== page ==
U.S. residents who don’t speak English are much more likely to test positive for coronavirus, a new study suggests.
Limited-English speaking U.S. residents are nearly five times more likely to become infected with coronavirus. The study from the University of Washington Medicine System also shows that limited-English speakers are less likely to be tested at all.
There’s a story about the brilliant Renaissance artist Michelangelo. He was asked about the difficulties he must have encountered in sculpting his masterpiece, David. Michelangelo replied with an unassuming description of his creative process:
“It is easy,” he said. “You just chisel away the stone that doesn’t look like David.”
Today is “International Translation/Interpretation Day,” as christened by the United Nations in 1991.
Linguists deserve to be celebrated each day for their heroic work, and especially this day in 2020, a year in which their contributions have meant the difference between life and death.
More than ever, the word “interpreter” is used in our society. The term is often thrown off casually without understanding what a human, professional interpreter actually signifies.
We thought that today would be an opportune time to define “interpreter.”
September 30 was christened “International Translation/Interpretation Day” by the United Nations in 1991. Since then, the date has been used to commemorate the role translators and interpreters play in connecting nations, as well as fostering peace, understanding, and development.
For nearly 40 years, we at LanguageLine Solutions have had a front-row seat to witness the miraculous work that linguists do each day. There is quite literally no sector of life that they don’t impact for the better.
Demographic shifts tell us that financial consumers have become more culturally and ethnically diverse.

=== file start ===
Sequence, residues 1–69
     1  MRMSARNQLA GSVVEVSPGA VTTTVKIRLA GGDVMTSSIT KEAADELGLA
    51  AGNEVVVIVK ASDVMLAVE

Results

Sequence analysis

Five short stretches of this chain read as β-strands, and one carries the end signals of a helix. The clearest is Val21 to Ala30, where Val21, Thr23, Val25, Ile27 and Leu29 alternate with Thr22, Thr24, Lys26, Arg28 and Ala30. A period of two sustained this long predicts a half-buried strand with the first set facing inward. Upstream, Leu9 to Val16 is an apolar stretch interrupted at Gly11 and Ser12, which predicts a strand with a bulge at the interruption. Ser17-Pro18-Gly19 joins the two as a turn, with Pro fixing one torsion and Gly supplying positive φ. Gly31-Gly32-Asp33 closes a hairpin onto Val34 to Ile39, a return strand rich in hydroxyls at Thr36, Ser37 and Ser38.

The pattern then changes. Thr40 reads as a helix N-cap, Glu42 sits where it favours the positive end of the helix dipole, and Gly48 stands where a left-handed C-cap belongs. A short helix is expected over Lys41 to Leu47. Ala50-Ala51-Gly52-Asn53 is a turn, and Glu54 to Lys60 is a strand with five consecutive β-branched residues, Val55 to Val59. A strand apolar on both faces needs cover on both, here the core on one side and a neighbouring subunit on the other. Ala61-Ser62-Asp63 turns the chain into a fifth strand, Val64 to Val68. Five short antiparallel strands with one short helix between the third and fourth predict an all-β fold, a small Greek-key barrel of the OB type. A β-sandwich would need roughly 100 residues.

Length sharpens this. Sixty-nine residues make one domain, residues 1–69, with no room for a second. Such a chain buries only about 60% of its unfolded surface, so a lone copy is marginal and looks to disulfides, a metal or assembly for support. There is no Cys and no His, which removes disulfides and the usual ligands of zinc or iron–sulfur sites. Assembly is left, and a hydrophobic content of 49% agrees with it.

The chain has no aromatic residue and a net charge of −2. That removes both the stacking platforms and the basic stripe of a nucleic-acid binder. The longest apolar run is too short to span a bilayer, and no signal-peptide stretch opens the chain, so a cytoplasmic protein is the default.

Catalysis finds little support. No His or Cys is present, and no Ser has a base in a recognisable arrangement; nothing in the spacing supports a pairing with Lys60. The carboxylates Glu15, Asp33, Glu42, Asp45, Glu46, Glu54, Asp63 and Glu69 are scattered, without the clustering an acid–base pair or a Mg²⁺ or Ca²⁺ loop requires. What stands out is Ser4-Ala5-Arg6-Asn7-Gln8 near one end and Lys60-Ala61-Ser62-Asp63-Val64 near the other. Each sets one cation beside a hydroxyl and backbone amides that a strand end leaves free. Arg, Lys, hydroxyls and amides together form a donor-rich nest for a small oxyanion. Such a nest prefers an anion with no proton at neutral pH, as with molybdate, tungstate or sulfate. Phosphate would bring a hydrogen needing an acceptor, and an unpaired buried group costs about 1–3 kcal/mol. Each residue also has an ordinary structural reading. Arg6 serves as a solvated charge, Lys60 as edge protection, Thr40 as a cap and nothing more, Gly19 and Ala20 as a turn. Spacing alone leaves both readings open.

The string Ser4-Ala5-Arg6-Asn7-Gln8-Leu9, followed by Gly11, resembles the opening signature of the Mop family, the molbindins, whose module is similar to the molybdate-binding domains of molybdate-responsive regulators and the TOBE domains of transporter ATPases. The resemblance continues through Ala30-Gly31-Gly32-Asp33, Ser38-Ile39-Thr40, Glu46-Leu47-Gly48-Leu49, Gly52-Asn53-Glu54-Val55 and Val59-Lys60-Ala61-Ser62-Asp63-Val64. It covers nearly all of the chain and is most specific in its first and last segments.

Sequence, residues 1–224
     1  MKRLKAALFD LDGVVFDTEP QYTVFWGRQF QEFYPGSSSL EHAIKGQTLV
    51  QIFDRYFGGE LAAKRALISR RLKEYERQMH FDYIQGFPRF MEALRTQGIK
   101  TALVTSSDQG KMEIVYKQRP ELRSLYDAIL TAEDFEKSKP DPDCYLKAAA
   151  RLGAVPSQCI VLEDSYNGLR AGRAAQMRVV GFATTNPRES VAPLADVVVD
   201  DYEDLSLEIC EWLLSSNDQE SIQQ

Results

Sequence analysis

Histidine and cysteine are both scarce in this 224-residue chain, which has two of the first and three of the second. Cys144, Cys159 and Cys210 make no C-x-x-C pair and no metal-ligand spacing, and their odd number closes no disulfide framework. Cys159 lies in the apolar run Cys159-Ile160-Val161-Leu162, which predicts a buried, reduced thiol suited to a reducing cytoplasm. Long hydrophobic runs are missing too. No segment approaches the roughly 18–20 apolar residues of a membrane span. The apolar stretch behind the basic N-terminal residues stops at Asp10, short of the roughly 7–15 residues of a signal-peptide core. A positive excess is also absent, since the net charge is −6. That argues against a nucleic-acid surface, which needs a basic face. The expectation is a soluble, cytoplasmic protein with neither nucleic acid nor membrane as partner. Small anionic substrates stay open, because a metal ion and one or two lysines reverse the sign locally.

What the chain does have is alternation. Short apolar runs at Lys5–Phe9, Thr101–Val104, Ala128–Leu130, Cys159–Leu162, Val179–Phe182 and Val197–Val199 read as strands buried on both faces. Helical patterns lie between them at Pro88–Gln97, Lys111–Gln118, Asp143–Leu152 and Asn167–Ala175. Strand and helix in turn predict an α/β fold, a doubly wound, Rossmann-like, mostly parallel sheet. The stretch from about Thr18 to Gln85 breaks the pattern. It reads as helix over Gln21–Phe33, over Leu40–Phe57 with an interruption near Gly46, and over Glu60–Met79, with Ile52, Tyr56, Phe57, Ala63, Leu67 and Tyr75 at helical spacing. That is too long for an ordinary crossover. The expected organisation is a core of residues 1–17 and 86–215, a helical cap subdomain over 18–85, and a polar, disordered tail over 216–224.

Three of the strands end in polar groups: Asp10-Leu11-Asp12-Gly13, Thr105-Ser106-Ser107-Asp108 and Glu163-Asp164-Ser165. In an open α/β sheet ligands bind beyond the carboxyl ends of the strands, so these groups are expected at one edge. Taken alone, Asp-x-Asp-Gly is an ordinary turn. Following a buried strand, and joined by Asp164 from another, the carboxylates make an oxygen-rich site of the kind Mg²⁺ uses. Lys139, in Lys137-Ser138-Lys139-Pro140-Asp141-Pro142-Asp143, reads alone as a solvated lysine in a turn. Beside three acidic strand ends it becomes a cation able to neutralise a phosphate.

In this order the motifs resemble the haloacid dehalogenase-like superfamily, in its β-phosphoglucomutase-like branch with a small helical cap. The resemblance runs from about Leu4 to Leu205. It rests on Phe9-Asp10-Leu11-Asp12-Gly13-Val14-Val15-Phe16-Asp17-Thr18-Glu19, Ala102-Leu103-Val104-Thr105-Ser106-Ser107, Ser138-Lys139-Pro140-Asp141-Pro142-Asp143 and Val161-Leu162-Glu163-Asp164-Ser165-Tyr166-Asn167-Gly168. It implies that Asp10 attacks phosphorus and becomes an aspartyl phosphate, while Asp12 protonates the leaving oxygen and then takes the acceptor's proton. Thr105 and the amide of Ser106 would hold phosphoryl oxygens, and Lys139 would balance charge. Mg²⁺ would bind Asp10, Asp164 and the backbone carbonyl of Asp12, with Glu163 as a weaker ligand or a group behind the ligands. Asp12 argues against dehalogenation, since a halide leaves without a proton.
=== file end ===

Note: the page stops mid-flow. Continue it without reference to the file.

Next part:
Over 65 million U.S. residents—or 21 percent of the U.S. population over the age of five—speak a language other than English at home. More than one out of every 12 people in the U.S. are limited English proficient (LEP), meaning they speak English less than very well. This group represents around nine percent of adults living in America.
Even those who readily accept that plain language improves readability, understanding, and engagement often push back when it comes to legal documents. But numerous U.S. and global studies show that “legalese” results in lost opportunity for both the reader and the writer.
Legal documents, like all communications, should be easy to read, understand, and act on with the first reading. A study released just last month focused on the impact of plain language in legal disclosure documents.
Many organizations that have a translation project looming consider hiring a freelance translator instead of bringing in a full-service language services provider (LSP). The appropriate path for translating your written material depends on a few factors.
The important considerations involve time, quality, budget, and the need for value-added services. Do you have the time and staff to hire and manage individual translators, and assess the quality of their results?
The average reading level for U.S. adults is seventh grade. The recommendation for healthcare communications is that it be at a fourth or fifth-grade level.
According to the National Assessment of Adult Literacy, only 12 percent of adults have the health literacy skills needed to manage and prevent disease. Nine in every 10 of us struggles to understand and use health information.
The reason is that much health-related content is unfamiliar, complex, or filled with industry jargon. The reality – and imperative – is we need to improve health literacy. Low health literacy costs this country an estimated $238 billion each year.
When it comes to health literacy, using plain English isn’t just the best approach. In many cases, it is required.
Your organization is expanding internationally. You’re responsible for making sure that the translation of your carefully crafted English content doesn’t end up reading like those laughably bad assembly instructions that we have all tried to decipher.
The inclination of many is to have their overseas colleagues translate and localize the content. Decades of experience have taught us that this endeavor will quickly exceed what your colleagues can do in their “free time.” So how should you approach these projects and how do you know which is the right way?
In her book “The Good Company," Laurie Bassi found the best single predictor of a company’s ability to outperform its competitors is the amount of investment made in training and developing employees.
The remarkable growth of remote training since the term “eLearning” was coined in 1999 has been driven by globalization, the internet, the proliferation of smart phones and myriad tools to create and manage remote-learning courses. A global health pandemic is now highlighting the importance of quickly training remote employees in order to safely maintain operations.
If your organization is facing the additional challenge of delivering effective distance learning and training across time zones, cultures and languages, here are a few key concepts to keep in mind: